Movement Training for Humans
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We’ve touched base on the evolution of roughhousing and the many different ways it benefits us, but how do you get started?

Are You Ready to Start Roughhousing?

You can definitely learn a lot about roughhousing by taking some martial arts classes; Brazilian jujistu, capoeira, russian systema, muay thai, judo, and wrestling are all great systems that teach us a lot about playful movement. We also recommend contact improv dancing and really any kind of partner dancing.

However, we think that all those approaches benefit from taking a deeper look at how rough and tumble play works and how we can develop a strong play culture and cultivate the greatest benefits from it. .

Keys for Maximizing the Benefits of Roughhousing


Players need to feel safe.


They need to have good rapport with each other.


Each player needs to have a chance to be successful

Emotional Management

They need to be taught to recognize their own emotional responses and have permission to stop or back off when things become too intense.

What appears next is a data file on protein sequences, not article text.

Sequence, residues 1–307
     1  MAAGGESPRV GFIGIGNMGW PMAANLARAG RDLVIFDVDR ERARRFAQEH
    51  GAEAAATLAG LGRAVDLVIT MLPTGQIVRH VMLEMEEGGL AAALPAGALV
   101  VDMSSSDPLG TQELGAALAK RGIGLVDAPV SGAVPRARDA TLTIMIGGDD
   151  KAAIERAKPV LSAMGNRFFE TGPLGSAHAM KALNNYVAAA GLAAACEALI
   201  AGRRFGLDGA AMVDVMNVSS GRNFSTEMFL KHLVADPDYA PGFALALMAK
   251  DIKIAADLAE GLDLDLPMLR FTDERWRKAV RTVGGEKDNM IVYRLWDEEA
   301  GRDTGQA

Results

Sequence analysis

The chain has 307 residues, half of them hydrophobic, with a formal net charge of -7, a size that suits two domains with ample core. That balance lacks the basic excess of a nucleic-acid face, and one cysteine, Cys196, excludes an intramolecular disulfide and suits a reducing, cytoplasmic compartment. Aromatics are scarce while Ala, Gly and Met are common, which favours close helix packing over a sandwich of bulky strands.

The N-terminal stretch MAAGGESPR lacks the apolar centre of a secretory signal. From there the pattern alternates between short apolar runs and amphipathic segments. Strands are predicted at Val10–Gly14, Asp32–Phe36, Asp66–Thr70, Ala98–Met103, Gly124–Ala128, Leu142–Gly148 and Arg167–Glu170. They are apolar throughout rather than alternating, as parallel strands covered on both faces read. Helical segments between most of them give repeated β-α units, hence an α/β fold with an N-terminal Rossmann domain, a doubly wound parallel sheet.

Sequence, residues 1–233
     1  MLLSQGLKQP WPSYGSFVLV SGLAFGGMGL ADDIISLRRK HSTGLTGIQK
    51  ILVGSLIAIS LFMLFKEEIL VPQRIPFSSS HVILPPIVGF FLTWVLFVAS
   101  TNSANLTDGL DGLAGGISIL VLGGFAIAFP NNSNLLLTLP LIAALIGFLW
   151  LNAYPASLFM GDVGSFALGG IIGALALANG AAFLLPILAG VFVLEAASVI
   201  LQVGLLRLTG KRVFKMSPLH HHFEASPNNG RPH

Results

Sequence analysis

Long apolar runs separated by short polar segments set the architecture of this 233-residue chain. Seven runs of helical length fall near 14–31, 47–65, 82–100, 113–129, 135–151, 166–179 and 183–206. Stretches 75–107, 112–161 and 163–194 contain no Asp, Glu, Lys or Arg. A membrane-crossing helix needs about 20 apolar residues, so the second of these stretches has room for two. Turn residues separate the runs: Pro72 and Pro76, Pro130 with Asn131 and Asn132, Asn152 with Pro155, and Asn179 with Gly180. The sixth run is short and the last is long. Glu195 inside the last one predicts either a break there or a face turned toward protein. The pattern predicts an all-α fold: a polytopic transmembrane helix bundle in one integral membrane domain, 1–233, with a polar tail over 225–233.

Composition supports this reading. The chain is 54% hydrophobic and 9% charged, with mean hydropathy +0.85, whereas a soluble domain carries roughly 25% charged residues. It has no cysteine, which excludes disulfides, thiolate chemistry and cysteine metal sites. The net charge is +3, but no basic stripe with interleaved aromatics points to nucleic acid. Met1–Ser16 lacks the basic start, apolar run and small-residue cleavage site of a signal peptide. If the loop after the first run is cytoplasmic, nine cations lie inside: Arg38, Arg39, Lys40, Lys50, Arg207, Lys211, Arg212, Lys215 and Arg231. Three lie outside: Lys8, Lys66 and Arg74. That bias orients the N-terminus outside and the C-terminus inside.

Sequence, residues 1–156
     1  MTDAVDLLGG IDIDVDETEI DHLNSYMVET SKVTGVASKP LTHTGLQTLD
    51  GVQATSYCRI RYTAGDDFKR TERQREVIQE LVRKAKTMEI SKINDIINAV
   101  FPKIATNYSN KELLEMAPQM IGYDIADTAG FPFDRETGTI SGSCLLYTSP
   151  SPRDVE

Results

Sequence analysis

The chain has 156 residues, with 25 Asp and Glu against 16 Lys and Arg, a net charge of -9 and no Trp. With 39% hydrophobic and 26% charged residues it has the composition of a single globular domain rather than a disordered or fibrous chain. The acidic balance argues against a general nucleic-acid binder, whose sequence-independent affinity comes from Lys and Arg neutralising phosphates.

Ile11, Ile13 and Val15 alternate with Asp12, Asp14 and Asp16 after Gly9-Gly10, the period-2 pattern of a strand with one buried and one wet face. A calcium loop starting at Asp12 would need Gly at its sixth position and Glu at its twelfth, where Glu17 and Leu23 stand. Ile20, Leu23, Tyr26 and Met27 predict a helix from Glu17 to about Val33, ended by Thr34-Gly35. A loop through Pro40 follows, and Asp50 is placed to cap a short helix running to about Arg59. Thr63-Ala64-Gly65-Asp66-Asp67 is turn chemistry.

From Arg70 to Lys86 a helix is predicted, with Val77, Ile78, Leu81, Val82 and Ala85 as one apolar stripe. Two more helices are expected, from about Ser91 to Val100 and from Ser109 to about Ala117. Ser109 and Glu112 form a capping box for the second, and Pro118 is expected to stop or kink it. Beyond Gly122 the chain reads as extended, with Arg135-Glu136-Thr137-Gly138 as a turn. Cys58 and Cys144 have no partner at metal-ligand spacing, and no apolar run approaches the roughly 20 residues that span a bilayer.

While fun can be our primary goal, it’s important to understand what skills you are also developing towards. For any given game, it’s good to think about what can be developed, what is not being developed, and what you could be learning that might be wrong in another situation.

What Comes First?

Play fighting can easily turn into real fighting and dominance battles if there is not a strong relationship between the players and if people don’t feel safe. This is why we focus on rapport and safety first.

If you have ever observed dogs you might notice when they first meet they are often stiff, and play is more likely to turn into growling and teeth snapping. As they get to know each other, they become more relaxed in their approach to each other and can become more intense with their play without triggering an incident.

You’ll find the same thing in well developed martial arts schools. The guys who have known each other and trained together for a long time can practice very intensely without it turning into a real fight because of the trust that has been built.

Our focus on using rapport building games first has had amazing effects in our teaching these skills, and others. So many people who come to our seminars have told us they are not comfortable with roughhousing but after going through our rapport building games they end up giggling and having fun while engaging in some quite intense grappling and striking sessions.

So safety and rapport come first for us.

Our first rapport based game we call wrist to wrist contact improv. Check the video below to get a feel for how to get started.

Want to learn more and experience this in person, join us for an upcoming seminar

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